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Integrating InfluxDB with JMP using HTTP Request

There are many OpenSource data sources that emerge everyday. One such data source is InfluxDB  Their tag line is “We build cool stuff for developers who build cool stuff”. I happen to think that JMP is “cool stuff” but the question remains, “How can you integrate JMP’s ‘cool stuff’ with InfluxDB’s ‘cool stuff’”.


Luckily, there are 2 specific cool stuffs that can make this happen. The first is that InfluxDB publishes a well-documented way to get started and most importantly, a REST interface. The second is that JMP has a JSL object known as HTTP Request.


Needless to say I’m more familiar with HTTP Request than InfluxDB’s FluxQL language so for the most part, I focused on the posted examples with sample data.


To begin, I installed InfluxDB using HomeBrew and then using InfluxDB’s DataExplorer, I created



I created a Bucket and uploaded data.

I then had to navigate to the API Tokens page in order to create an API Token I can use with the REST communication.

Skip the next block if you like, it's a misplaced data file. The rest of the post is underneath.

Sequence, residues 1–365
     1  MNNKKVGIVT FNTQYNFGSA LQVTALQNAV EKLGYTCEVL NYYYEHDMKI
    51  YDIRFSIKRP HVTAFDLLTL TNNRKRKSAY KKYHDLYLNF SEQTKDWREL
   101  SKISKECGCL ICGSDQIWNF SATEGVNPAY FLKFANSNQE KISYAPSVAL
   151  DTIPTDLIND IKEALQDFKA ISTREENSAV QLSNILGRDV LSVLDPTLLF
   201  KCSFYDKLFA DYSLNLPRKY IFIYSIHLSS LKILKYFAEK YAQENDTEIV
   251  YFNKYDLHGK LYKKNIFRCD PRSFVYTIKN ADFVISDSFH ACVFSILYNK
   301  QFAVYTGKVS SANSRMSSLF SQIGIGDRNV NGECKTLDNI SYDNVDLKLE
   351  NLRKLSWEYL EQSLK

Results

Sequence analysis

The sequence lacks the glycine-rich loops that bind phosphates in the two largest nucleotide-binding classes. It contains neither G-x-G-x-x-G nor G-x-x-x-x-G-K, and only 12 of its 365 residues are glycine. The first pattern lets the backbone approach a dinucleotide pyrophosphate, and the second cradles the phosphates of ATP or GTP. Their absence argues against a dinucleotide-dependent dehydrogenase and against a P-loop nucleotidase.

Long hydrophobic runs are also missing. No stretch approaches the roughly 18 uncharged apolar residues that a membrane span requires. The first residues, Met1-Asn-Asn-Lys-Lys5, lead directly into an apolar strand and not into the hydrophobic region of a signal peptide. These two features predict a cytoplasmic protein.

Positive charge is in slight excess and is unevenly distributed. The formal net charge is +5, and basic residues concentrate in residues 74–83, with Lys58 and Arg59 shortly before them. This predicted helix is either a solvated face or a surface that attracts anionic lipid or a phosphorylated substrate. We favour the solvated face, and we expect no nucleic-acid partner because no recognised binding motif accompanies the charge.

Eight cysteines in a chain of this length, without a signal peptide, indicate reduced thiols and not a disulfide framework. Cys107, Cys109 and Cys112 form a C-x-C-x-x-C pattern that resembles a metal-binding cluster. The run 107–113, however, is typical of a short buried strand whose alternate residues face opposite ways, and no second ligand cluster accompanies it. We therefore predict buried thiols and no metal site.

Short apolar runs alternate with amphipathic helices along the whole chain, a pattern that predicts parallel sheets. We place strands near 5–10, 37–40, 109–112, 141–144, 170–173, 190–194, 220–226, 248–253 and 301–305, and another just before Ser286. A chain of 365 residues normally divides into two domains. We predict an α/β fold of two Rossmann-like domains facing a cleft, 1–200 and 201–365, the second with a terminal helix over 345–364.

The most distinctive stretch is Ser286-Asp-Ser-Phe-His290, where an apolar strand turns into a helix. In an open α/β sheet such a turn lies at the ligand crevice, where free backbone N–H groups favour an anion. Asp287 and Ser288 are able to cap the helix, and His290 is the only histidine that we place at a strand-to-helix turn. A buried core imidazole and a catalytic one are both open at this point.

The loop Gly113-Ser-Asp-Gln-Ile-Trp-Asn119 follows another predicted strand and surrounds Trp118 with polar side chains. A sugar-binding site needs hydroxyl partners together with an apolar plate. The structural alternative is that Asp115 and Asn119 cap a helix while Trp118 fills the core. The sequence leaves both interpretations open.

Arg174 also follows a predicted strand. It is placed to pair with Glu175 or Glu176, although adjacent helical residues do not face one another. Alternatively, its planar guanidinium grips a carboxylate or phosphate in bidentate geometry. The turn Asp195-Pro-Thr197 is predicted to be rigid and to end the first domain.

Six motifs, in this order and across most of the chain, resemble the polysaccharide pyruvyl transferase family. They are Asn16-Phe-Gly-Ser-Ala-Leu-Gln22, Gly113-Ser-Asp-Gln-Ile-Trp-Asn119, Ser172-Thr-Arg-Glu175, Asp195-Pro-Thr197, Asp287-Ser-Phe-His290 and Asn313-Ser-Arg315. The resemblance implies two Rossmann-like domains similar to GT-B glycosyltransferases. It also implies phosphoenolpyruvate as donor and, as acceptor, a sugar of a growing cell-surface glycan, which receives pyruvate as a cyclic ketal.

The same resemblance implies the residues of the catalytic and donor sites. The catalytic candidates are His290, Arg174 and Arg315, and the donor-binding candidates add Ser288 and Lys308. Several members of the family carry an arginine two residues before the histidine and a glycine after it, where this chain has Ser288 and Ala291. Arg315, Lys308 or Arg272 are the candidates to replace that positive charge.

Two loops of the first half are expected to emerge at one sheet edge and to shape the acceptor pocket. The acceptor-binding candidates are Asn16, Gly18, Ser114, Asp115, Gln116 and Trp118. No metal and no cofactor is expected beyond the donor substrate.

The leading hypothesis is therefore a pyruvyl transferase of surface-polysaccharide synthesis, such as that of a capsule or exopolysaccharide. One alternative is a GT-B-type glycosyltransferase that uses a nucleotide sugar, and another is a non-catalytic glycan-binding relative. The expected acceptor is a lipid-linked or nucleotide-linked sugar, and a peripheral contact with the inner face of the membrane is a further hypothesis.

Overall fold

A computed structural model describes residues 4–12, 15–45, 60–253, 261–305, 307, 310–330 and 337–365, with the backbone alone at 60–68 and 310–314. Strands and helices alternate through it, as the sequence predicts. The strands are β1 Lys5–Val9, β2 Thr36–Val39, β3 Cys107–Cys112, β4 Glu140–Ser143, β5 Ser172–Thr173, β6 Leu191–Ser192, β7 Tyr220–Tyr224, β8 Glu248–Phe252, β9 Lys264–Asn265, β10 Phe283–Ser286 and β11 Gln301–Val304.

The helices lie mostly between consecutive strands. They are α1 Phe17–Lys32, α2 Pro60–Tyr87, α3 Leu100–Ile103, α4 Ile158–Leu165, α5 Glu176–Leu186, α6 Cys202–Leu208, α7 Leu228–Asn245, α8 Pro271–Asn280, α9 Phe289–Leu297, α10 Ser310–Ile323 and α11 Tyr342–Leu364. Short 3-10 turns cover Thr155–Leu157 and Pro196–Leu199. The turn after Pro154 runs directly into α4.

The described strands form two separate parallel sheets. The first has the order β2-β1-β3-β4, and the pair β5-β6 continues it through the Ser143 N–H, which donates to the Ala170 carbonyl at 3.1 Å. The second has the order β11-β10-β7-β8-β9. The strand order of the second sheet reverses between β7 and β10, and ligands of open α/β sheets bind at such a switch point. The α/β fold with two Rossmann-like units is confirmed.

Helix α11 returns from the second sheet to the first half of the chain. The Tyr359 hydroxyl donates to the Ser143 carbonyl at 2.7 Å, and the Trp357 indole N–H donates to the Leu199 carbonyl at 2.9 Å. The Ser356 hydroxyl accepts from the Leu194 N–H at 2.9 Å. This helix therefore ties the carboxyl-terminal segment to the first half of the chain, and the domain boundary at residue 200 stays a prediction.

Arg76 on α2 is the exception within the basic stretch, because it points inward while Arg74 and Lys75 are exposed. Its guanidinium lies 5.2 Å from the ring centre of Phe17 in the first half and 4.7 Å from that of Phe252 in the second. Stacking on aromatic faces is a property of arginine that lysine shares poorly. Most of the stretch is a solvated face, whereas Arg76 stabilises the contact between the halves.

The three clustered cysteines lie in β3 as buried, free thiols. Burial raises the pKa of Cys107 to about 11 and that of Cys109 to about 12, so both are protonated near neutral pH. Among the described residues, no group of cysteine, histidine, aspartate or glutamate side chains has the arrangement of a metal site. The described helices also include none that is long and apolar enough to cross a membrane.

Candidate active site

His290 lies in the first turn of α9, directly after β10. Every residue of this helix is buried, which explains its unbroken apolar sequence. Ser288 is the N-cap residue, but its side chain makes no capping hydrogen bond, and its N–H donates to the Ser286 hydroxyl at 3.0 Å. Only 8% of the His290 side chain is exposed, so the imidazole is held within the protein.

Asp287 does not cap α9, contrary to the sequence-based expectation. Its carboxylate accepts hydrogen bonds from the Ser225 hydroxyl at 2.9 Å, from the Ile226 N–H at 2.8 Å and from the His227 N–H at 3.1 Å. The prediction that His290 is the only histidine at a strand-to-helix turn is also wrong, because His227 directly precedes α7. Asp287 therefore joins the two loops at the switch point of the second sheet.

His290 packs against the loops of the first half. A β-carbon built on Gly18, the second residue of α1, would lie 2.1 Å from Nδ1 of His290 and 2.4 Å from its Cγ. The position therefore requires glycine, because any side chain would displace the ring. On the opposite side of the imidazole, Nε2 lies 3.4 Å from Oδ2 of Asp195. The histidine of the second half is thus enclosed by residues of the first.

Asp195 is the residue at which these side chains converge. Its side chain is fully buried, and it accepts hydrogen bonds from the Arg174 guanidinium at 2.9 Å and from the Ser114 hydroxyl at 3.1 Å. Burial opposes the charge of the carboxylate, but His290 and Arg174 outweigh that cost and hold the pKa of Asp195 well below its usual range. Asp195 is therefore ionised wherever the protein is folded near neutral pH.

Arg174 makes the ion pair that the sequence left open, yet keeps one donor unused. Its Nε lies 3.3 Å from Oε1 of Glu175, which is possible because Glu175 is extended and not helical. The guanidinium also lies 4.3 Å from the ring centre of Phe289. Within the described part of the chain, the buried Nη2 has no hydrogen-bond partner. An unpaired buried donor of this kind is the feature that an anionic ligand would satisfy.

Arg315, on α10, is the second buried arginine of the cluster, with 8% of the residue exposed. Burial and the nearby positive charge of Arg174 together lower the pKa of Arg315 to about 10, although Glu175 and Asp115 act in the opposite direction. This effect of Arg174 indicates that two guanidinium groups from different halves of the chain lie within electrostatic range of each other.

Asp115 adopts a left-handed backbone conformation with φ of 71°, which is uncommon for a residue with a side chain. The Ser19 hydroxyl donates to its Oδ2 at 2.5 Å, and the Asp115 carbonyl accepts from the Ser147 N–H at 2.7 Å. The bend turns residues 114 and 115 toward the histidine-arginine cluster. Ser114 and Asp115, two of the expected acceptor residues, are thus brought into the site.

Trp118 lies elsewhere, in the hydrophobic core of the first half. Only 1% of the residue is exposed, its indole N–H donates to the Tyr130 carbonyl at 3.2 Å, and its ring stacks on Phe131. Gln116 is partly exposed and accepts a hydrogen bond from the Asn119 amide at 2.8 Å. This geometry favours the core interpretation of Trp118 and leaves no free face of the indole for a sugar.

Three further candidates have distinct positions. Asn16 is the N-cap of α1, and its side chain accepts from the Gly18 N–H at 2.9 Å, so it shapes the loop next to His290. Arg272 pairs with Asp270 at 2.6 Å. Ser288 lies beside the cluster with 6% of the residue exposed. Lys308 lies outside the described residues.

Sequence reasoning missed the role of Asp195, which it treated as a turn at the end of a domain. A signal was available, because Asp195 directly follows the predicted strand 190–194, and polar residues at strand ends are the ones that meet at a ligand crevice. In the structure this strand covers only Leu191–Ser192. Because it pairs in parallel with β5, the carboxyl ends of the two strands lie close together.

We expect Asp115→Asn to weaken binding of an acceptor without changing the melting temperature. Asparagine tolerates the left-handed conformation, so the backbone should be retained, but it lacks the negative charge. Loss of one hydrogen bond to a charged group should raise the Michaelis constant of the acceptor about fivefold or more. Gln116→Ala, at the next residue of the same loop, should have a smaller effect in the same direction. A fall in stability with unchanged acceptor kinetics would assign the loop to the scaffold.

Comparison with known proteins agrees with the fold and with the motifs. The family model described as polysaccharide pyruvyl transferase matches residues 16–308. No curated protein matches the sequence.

And navigate to the Organization page for the org_id



Finally, I was able to get JMP and InfluxDB chatting with JSL.


And this JSL snippet was really all it needed.





  • url -  the location of my InfluxDB server
  • token - the token I obtained from my API Token page
  • authorization - the header that gets passed in every communication to InfluxDB
  • content_type - tells InfluxDB that I am passing a flux script (in this case, previously defined)
  • accept - tells InfluxDB that I’d like a csv file in return (please)
  • org_id - the organization id from the Organization page.


It is worth noting that line 24 is

  • Blob(flux)

Using Blob allows me to set the content type to

  • Content-Type: application/vnd.flux

This is what the InfluxDB is looking for. Using Blob allows me to set a content type to pretty much anything, whereas using Text, JSON, or XML will set the appropriate content type or allow you to only set compatible content types.


In the complete script, there is a flux variable that points to the FluxQL that I want to send to the server. Beware not all scripts generated in InfluxDB’s DataExplorer web app will execute without some modifications. A quick trip to the internet with your favorite search engine will help remedy errors.

And finally, I tacked on a GraphBuilder script since in JMP, for every data table there is a graph.

Have fun.